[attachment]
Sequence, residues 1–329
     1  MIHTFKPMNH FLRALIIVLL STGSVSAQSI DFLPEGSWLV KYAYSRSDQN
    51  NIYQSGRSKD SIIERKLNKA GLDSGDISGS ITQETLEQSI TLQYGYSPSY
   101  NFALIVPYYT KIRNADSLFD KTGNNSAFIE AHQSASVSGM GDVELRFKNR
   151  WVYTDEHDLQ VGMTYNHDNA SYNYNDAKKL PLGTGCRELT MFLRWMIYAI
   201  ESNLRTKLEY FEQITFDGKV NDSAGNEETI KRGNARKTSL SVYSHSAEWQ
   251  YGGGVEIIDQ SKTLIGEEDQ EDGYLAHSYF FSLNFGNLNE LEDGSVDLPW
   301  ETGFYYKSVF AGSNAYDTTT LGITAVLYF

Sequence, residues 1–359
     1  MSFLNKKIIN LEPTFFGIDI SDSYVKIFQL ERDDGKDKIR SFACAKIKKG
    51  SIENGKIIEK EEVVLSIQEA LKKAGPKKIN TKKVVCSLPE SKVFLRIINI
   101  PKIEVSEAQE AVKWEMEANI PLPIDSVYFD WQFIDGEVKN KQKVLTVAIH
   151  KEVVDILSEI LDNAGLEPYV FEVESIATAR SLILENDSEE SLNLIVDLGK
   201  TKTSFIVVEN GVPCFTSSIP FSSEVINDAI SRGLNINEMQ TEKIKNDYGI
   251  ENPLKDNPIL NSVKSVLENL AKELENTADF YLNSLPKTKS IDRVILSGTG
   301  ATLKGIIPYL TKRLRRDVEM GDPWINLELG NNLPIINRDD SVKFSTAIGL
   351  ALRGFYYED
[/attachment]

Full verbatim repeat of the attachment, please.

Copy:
Sequence, residues 1–329
     1  MIHTFKPMNH FLRALIIVLL STGSVSAQSI DFLPEGSWLV KYAYSRSDQN
    51  NIYQSGRSKD SIIERKLNKA GLDSGDISGS ITQETLEQSI TLQYGYSPSY
   101  NFALIVPYYT KIRNADSLFD KTGNNSAFIE AHQSASVSGM GDVELRFKNR
   151  WVYTDEHDLQ VGMTYNHDNA SYNYNDAKKL PLGTGCRELT MFLRWMIYAI
   201  ESNLRTKLEY FEQITFDGKV NDSAGNEETI KRGNARKTSL SVYSHSAEWQ
   251  YGGGVEIIDQ SKTLIGEEDQ EDGYLAHSYF FSLNFGNLNE LEDGSVDLPW
   301  ETGFYYKSVF AGSNAYDTTT LGITAVLYF

Sequence, residues 1–359
     1  MSFLNKKIIN LEPTFFGIDI SDSYVKIFQL ERDDGKDKIR SFACAKIKKG
    51  SIENGKIIEK EEVVLSIQEA LKKAGPKKIN TKKVVCSLPE SKVFLRIINI
   101  PKIEVSEAQE AVKWEMEANI PLPIDSVYFD WQFIDGEVKN KQKVLTVAIH
   151  KEVVDILSEI LDNAGLEPYV FEVESIATAR SLILENDSEE SLNLIVDLGK
   201  TKTSFIVVEN GVPCFTSSIP FSSEVINDAI SRGLNINEMQ TEKIKNDYGI
   251  ENPLKDNPIL NSVKSVLENL AKELENTADF YLNSLPKTKS IDRVILSGTG
   301  ATLKGIIPYL TKRLRRDVEM GDPWINLELG NNLPIINRDD SVKFSTAIGL
   351  ALRGFYYED